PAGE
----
Just a light way to present some ideas about the Para Aduma.
As enigmatic as Para Aduma is reputed to be, many commentaries have attempted to explain the symbolism of many of the features of the Para Aduma. One of the most well-known ideas is that the Para Aduma is the metaphoric mother of the golden calf and is asked, so to speak, to clean up the mess made by her son.
The Para Aduma is treated as a kapara, an atonement, for the sin of the golden calf. Many details fit this idea nicely, but there is a problem. Para Aduma is not a korban. And being TAMEI is not a sin.
The potion of the ashes of the Para Aduma help rid a person of Tum'at Meit. No sin there. In fact, members of the Chevra Kadisha in all Jewish communities are highly praiseworthy. Big mitzva. No sin. Here is a possible way to connect the ritual defilement caused by contact with a dead body to sin.
The human body is the receptacle and partner of one's soul throughout one's lifetime. The person is commanded and challenged with Torah and mitzvot throughout.
A Jew is supposed to be a good partner to his/her soul, meaning, to live a Torah life. Sin basically goes against the person's Neshama. As a result, the body of the person after the soul departs is the major source of Tum'a. An eggshell and the peel of an orange serve a purpose during the time each is together with its contents. When the egg or orange is removed, the shell and peel have done their jobs and no longer have a purpose – but they are not defiled or defiling. A human body would not be either, one can suggest, if it were not for sin.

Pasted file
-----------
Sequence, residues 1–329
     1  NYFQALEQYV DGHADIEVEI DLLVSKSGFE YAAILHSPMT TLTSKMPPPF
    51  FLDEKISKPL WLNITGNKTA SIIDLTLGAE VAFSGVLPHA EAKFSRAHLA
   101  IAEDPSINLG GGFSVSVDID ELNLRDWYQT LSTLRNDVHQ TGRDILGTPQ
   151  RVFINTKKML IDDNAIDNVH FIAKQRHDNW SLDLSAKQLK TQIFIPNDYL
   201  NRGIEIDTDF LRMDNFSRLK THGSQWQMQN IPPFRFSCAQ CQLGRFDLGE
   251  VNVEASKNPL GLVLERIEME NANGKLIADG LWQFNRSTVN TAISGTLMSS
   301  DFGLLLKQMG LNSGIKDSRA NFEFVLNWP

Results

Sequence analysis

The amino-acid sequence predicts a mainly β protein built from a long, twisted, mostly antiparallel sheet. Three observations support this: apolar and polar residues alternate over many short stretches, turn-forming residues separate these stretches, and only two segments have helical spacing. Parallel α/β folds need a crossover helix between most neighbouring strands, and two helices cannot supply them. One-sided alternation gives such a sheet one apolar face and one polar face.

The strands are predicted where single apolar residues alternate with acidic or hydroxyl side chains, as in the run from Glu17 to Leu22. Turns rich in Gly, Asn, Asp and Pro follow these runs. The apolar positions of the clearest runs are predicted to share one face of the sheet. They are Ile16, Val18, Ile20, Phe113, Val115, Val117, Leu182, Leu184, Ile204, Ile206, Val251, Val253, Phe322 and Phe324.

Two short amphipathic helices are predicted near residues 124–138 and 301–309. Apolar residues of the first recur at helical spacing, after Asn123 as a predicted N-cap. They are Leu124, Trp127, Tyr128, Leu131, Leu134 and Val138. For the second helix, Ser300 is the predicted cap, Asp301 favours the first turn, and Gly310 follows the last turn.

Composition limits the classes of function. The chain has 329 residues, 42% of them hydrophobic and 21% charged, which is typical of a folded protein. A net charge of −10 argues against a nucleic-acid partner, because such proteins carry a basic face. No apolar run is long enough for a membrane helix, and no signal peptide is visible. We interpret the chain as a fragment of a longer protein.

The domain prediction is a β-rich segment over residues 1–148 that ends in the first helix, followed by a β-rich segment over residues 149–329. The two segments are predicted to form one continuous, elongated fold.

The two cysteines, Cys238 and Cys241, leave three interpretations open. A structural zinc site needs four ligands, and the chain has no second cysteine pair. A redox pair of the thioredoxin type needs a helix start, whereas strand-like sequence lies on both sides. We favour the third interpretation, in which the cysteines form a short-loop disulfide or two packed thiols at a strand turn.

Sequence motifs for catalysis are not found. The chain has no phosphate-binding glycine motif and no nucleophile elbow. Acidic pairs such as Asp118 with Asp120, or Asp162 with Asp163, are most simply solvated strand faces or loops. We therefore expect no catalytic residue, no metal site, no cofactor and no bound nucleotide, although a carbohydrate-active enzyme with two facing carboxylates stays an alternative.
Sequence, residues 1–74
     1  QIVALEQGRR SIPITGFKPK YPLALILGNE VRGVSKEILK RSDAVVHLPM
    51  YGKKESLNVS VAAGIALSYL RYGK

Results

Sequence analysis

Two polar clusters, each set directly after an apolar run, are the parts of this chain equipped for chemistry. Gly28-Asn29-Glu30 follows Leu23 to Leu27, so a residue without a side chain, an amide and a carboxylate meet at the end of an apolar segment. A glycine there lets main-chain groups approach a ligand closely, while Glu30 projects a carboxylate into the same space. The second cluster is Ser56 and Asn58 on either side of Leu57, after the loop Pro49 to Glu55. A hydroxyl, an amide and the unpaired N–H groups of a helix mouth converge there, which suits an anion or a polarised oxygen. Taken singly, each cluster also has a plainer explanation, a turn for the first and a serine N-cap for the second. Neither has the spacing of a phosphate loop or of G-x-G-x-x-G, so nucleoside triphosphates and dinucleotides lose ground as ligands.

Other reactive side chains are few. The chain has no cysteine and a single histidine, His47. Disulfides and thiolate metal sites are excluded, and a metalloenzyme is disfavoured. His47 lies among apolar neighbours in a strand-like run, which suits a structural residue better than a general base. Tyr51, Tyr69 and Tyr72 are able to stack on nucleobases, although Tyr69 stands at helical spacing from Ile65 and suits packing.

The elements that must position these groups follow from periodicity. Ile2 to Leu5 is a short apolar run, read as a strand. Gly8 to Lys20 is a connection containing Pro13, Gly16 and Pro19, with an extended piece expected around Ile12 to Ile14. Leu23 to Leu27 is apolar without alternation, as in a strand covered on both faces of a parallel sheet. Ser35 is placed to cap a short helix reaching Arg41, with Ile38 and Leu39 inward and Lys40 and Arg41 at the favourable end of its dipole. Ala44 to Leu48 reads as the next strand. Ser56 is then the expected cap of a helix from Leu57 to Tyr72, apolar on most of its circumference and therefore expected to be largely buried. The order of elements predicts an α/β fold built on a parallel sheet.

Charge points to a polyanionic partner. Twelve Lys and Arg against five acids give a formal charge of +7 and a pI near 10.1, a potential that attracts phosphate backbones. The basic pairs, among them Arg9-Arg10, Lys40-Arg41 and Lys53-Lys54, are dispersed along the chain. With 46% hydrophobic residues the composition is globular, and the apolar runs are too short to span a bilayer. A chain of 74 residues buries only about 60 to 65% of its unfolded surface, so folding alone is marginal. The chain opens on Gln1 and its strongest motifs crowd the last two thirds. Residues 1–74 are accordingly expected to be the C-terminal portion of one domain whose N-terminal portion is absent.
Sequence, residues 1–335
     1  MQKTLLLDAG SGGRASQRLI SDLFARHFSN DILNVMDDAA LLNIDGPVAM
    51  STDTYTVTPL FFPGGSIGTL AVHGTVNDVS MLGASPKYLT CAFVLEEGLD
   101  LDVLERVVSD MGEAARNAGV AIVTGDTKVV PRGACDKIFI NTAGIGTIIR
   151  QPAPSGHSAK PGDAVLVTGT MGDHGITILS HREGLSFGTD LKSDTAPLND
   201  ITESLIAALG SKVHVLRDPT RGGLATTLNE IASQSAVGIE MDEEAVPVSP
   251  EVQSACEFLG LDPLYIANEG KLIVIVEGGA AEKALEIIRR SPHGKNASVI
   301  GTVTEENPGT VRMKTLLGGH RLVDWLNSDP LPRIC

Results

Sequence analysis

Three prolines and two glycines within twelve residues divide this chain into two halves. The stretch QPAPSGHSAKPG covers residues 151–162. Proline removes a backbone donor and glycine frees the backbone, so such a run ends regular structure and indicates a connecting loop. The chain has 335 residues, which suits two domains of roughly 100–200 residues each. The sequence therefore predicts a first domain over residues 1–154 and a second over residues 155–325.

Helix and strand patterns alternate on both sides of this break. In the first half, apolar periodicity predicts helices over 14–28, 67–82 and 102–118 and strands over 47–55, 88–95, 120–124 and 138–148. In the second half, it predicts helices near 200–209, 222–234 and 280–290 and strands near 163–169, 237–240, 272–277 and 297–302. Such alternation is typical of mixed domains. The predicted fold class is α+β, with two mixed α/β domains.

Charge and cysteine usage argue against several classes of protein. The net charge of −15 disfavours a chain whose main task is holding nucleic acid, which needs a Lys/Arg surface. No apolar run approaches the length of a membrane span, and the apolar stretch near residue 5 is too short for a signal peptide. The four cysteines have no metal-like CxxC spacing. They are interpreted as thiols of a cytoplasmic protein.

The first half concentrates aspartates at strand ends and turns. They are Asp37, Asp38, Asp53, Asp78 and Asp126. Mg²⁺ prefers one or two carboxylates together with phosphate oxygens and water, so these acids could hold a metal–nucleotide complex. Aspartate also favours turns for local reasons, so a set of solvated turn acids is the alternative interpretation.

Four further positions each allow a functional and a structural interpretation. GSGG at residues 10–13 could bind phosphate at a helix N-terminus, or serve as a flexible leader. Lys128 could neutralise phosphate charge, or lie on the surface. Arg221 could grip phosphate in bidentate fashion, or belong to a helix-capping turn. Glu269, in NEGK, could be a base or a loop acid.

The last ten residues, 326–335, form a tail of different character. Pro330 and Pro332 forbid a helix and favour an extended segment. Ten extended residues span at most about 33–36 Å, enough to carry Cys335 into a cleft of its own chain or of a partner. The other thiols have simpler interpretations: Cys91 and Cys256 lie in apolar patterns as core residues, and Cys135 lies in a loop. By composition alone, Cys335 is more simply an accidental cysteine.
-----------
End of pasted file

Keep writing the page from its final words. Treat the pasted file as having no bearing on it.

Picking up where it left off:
Therefore, that which purifies is, in some way, an atonement for sin. Para Aduma is presented to us with the well-known introduction: ZOT CHUKAT HATORAH. In fact, other mitzvot are also designated as CHUKIM in the Torah, and still more are CHUKIM (enigmatic mitzvot that we do because they are G-d's command, and not for reasons and rationales – as one can suggest about other mitzvot.
Rashi teaches us that the introductory statement about Para Aduma (and other CHUKIM) is our response to the scoffers of the world (non-Jewish and Jewish) and even our answer to our own evil inclination, the Yeizter HaRa. That response is: We do mitzvot because our King has commanded us – not because they make sense and appeal to our logic.
Some mitzvot do and some don't, But we do ALL mitzvot because G-d has commanded us. We must not feel like we are following things blindly. Our eyes are completely open to the concept of Torah, which is knowable up to a certain point, is the precious gift of life that G-d has given the Jewish people. Bottom line is that all mitzvot carry with them an element of CHOK. Even the most common sense mitzva has elements that defy our finite grasp. And even if there were a mitzva that made total, complete sense – we still should do it – first and foremost – because it is the command of G-d.